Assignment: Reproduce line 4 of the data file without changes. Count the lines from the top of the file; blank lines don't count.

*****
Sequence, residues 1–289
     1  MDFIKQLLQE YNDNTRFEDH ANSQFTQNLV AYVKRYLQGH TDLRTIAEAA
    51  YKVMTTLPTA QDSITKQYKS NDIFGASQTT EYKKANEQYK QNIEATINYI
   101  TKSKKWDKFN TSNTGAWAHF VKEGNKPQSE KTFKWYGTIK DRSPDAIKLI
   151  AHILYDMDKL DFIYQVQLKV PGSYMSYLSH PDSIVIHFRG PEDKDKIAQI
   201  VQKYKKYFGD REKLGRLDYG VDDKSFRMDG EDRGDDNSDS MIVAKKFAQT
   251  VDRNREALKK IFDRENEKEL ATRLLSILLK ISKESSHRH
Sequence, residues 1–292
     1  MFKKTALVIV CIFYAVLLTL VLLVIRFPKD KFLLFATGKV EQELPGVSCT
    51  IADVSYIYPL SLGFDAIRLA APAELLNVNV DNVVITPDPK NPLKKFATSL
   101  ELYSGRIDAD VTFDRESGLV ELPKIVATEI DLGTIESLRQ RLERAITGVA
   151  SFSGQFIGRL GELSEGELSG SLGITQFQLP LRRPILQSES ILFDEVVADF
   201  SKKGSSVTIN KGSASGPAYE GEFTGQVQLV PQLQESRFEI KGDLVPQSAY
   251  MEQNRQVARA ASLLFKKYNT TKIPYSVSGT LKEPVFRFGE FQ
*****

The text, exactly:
   101  TKSKKWDKFN TSNTGAWAHF VKEGNKPQSE KTFKWYGTIK DRSPDAIKLI